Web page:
Purpose: To conduct a systematic review of the literature to determine important clinical predictors of surgical outcome in patients with cervical spondylotic myelopathy (CSM).
Methods: A literature search was performed using MEDLINE, MEDLINE in Process, EMBASE and Cochrane Database of Systematic Reviews. Selected articles were evaluated using a 14-point modified SIGN scale and classified as either poor (<7), good (7-9) or excellent (10-14) quality of evidence. For each study, the association between various clinical factors and surgical outcome, evaluated by the (modified) Japanese Orthopaedic Association scale (mJOA/JOA), Nurick score or other measures, was defined. The results from the EXCELLENT studies were compared to the combined results from the EXCELLENT and GOOD studies which were compared to the results from all the studies.
Results: The initial search yielded 1,677 citations. Ninety-one of these articles, including three translated from Japanese, met the inclusion and exclusion criteria and were graded. Of these, 16 were excellent, 38 were good and 37 were poor quality. Based on the excellent studies alone, a longer duration of symptoms was associated with a poorer outcome evaluated on both the mJOA/JOA scale and Nurick score. A more severe baseline score was related with a worse outcome only on the mJOA/JOA scale. Based on the GOOD and EXCELLENT studies, duration of symptoms and baseline severity score were consistent predictors of mJOA/JOA, but not Nurick. Age was an insignificant predictor of outcome on any of the functional outcomes considered.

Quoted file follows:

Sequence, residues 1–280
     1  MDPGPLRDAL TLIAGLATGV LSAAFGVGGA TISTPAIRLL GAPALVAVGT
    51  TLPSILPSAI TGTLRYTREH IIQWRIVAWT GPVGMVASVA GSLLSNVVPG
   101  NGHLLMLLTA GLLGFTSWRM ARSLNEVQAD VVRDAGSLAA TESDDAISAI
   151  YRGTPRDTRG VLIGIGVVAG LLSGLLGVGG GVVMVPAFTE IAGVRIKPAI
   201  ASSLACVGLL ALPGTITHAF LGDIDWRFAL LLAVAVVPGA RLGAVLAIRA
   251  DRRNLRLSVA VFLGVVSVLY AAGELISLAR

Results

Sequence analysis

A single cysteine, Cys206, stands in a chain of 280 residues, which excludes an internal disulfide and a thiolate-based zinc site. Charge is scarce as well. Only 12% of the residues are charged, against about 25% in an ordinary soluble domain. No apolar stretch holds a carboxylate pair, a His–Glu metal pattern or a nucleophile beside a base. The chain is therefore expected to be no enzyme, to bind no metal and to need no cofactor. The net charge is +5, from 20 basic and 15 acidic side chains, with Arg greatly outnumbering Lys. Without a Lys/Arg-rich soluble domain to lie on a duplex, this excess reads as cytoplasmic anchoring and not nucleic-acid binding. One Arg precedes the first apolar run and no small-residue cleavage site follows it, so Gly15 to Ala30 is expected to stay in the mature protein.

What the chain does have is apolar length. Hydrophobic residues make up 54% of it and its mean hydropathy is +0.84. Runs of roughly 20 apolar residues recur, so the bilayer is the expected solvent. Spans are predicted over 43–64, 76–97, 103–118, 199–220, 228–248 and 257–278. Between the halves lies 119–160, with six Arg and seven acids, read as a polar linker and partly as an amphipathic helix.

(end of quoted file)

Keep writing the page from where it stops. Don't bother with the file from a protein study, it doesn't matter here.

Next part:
Conclusion: The most important predictors of outcome were preoperative severity and duration of symptoms. This review also identified many other valuable predictors including signs, symptoms, comorbidities and smoking status.